Thunderstorms And Climate Change: Seeking An Ozone Connection
Starting next week, scientists from Boulder’s National Center for Atmospheric Research will send airplanes packed with equipment into storms over northeastern Colorado.
One of the goals of the “Deep Convective Clouds and Chemistry Experiment,” or DC3, is to study what happens when surface air, and all its particles, are pulled into a storm's updraft and shot into the upper atmosphere.
Mary Barth, a principle investigator on the project, says three research aircraft being used in the experiment will measure how some volatile storms may be leaving chemical pollutants behind that produce ozone, lasting long after the storm dissipates.
“When thunderstorms form, air near the ground has nowhere to go but up. Suddenly you have an air mass at high altitude that’s full of chemicals that can produce ozone.”
According to Barth, storms shoot the surface air 10 miles into the atmosphere at speeds between 20 and 100 miles per hour. That air hits a barrier between the troposphere and the stratosphere and spreads out. However, the chemicals and pollutants from the surface of the Earth remain intact.
NCAR says pollutants such as nitrogen oxides brought from the surface may produce ozone, a greenhouse gas, when interacting with other gasses and energy from the sun. Ozone has been known to cause warming of the Earth.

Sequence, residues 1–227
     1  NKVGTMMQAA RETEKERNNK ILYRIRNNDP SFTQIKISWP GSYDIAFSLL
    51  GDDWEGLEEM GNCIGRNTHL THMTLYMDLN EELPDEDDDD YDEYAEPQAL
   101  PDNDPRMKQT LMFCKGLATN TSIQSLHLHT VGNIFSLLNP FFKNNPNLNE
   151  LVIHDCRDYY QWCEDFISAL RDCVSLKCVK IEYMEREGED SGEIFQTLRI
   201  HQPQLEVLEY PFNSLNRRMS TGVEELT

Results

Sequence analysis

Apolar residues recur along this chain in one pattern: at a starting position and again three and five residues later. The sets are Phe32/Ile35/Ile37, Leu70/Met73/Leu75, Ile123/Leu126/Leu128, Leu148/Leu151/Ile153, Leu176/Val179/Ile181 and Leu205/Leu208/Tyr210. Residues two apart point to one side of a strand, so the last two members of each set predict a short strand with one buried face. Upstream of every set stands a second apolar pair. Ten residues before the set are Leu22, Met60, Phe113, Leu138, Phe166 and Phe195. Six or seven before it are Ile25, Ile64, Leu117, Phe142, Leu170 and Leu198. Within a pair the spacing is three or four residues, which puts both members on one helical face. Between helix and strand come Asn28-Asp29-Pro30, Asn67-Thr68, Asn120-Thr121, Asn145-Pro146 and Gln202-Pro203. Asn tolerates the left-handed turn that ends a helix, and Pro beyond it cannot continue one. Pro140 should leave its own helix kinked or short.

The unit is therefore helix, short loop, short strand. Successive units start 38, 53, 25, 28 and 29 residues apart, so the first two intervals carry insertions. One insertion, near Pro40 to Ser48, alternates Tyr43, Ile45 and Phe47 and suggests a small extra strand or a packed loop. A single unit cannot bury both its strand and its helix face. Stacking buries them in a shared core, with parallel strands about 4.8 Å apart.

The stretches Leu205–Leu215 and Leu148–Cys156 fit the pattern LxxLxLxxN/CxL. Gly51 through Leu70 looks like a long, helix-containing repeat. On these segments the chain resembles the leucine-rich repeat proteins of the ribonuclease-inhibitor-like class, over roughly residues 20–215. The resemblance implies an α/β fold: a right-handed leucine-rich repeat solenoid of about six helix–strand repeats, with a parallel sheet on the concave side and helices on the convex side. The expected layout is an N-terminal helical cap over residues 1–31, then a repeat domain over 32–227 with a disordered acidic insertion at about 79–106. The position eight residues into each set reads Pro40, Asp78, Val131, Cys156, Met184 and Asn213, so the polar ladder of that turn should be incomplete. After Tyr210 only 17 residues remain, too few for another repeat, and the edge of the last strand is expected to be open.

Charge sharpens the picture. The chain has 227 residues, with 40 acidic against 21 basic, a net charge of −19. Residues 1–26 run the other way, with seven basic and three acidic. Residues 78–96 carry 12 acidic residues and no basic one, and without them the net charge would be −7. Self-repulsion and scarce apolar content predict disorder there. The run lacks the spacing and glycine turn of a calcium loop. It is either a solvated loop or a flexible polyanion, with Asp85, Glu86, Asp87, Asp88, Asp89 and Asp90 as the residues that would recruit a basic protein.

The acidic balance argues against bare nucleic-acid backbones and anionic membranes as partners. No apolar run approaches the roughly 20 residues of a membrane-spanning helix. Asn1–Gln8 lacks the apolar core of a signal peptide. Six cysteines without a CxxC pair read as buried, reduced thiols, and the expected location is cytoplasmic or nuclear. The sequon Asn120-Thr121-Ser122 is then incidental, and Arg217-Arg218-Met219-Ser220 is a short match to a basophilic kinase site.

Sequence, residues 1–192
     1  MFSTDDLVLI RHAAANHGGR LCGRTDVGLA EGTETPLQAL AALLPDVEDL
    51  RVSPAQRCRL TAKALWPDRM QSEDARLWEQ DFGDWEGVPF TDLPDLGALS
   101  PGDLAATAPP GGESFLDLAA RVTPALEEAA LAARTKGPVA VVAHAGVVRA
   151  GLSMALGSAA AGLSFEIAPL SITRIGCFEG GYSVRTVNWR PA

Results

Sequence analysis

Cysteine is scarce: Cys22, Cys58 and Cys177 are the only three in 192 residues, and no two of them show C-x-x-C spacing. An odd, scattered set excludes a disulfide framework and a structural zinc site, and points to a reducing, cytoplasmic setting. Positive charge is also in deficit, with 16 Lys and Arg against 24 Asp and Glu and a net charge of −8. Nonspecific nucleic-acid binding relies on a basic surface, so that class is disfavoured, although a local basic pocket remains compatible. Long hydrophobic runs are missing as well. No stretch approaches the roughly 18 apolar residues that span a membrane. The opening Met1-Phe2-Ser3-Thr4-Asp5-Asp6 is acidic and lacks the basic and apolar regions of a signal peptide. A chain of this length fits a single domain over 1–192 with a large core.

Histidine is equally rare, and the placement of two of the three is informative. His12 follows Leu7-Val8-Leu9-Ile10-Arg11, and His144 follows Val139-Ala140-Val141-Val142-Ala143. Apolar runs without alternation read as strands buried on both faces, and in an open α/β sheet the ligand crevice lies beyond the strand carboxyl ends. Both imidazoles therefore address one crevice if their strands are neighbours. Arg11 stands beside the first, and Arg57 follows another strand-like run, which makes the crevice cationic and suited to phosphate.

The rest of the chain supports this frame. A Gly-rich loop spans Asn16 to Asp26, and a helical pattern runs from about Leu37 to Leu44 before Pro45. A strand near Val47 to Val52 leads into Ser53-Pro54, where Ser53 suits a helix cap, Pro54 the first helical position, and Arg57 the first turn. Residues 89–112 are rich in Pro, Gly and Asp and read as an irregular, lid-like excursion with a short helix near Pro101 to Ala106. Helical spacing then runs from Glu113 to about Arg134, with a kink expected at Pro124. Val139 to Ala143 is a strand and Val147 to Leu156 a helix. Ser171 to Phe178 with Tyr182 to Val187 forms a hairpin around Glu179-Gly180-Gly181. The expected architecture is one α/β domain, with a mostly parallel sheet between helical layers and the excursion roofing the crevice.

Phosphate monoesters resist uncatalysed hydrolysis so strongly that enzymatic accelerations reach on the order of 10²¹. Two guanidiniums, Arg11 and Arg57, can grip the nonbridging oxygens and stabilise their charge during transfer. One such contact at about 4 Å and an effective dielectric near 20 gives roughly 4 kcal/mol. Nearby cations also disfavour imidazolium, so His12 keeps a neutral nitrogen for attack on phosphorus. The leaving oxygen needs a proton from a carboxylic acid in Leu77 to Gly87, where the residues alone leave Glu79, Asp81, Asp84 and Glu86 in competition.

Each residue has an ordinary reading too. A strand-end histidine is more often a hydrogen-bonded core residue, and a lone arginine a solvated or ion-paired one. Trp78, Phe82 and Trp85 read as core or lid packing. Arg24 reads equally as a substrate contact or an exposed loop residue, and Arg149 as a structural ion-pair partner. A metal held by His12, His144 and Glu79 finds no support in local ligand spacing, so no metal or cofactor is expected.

"We expect there will be days when pollution from Denver will be injected into these storms and some days where a cleaner air-mass will be injected into these storms, and we’ll be contrasting those days.”
Barth says scientists will fly into the updrafts as a storm is underway, than fly through the same air mass the following day to see how the chemical mixture has changed.
DC3 will not only use northeastern Colorado as a test area, but Oklahoma and Alabama as well. “The more different regions that we can study, the more we can understand how thunderstorms affect our climate,” Barth says. She adds May is the perfect time for this experiment because storms are just starting to form as the seasons change in the Midwest and Western parts of the United States.
The three planes used in the project are based in Kansas, a location central to all test areas. There will also be a plane from the German aerospace agency which will be used to fly near the core of the storms at very high altitudes.
Funding for the DC3 project comes from the National Science Foundation (NSF), National Oceanic and Atmospheric Administration (NOAA), and NASA, with involvement by more than 100 researchers from 26 organizations including NCAR.
According to Barth, data from the project could be used to forecast future air pollution levels or what Earth’s climate could look like 30 or 50 years from now. However, it may take over a year to collect and study the data collected from the experiment.